At first glance, the couple is edgy but cute: Lily Bloom runs a flower shop for people who hate flowers; Ryle Kincaid is a surgeon who says he never wants to get married or have kids. They meet on a rooftop in Boston on the night Ryle loses a patient and Lily attends her abusive father’s funeral. The provocative opening takes a dark turn when Lily receives a warning about Ryle’s intentions from his sister, who becomes Lily’s employee and close friend. Lily swears she’ll never end up in another abusive home, but when Ryle starts to show all the same warning signs that her mother ignored, Lily learns just how hard it is to say goodbye. When Ryle is not in the throes of a jealous rage, his redeeming qualities return, and Lily can justify his behavior: “I think we needed what happened on the stairwell to happen so that I would know his past and we’d be able to work on it together,” she tells herself. Lily marries Ryle hoping the good will outweigh the bad, and the mother-daughter dynamics evolve beautifully as Lily reflects on her childhood with fresh eyes. Diary entries fancifully addressed to TV host Ellen DeGeneres serve as flashbacks to Lily’s teenage years, when she met her first love, Atlas Corrigan, a homeless boy she found squatting in a neighbor’s house. When Atlas turns up in Boston, now a successful chef, he begs Lily to leave Ryle. Despite the better option right in front of her, an unexpected complication forces Lily to cut ties with Atlas, confront Ryle, and try to end the cycle of abuse before it’s too late. The relationships are portrayed with compassion and honesty, and the author’s note at the end that explains Hoover’s personal connection to the subject matter is a must-read.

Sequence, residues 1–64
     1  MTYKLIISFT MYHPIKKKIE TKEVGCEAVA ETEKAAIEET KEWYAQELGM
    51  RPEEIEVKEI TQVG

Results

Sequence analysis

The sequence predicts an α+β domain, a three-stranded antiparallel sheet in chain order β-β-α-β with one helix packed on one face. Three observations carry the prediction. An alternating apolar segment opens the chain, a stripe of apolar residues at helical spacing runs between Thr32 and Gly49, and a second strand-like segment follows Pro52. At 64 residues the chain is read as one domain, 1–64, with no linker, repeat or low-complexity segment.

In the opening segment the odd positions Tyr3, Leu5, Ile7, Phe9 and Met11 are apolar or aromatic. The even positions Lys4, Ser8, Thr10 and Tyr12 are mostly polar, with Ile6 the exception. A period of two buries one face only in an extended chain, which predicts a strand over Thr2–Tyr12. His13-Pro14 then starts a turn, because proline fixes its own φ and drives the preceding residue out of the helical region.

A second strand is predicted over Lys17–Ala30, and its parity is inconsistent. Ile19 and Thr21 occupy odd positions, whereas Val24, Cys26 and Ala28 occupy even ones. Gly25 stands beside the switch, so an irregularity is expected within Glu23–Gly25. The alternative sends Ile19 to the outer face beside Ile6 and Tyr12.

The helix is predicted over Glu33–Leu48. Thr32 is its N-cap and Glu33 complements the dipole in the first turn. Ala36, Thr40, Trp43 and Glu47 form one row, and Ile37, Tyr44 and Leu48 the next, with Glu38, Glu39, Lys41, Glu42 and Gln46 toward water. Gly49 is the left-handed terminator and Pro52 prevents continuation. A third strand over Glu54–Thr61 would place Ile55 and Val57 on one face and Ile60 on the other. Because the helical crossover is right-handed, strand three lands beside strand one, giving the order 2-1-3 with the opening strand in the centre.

Packed with riveting drama and painful truths, this book powerfully illustrates the devastation of abuse—and the strength of the survivors.

Pub Date: Aug. 2, 2016

ISBN: 978-1-5011-1036-8

Page Count: 320

Publisher: Atria

Review Posted Online: May 31, 2016

Kirkus Reviews Issue: June 15, 2016

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Hoover is one of the freshest voices in new-adult fiction, and her latest resonates with true emotion, unforgettable...

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MAYBE SOMEDAY

Sydney and Ridge make beautiful music together in a love triangle written by Hoover (Losing Hope, 2013, etc.), with a link to a digital soundtrack by American Idol contestant Griffin Peterson. 

Hoover is a master at writing scenes from dual perspectives. While music student Sydney is watching her neighbor Ridge play guitar on his balcony across the courtyard, Ridge is watching Sydney’s boyfriend, Hunter, secretly make out with her best friend on her balcony. The two begin a songwriting partnership that grows into something more once Sydney dumps Hunter and decides to crash with Ridge and his two roommates while she gets back on her feet. She finds out after the fact that Ridge already has a long-distance girlfriend, Maggie—and that he's deaf. Ridge’s deafness doesn’t impede their relationship or their music. In fact, it creates opportunities for sexy nonverbal communication and witty text messages: Ridge tenderly washes off a message he wrote on Sydney’s hand in ink, and when Sydney adds a few too many e’s to the word “squee” in her text, Ridge replies, “If those letters really make up a sound, I am so, so glad I can’t hear it.” While they fight their mutual attraction, their hope that “maybe someday” they can be together playfully comes out in their music. Peterson’s eight original songs flesh out Sydney’s lyrics with a good mix of moody musical styles: “Living a Lie” has the drama of a Coldplay piano ballad, while the chorus of “Maybe Someday” marches to the rhythm of the Lumineers. But Ridge’s lingering feelings for Maggie cause heartache for all three of them. Independent Maggie never complains about Ridge’s friendship with Sydney, and it's hard to even want Ridge to leave Maggie when she reveals her devastating secret. But Ridge can’t hide his feelings for Sydney long—and they face their dilemma with refreshing emotional honesty. 

Hoover is one of the freshest voices in new-adult fiction, and her latest resonates with true emotion, unforgettable characters and just the right amount of sexual tension.

Pub Date: March 18, 2014

ISBN: 978-1-4767-5316-4

Page Count: 384

Publisher: Atria

Review Posted Online: May 7, 2014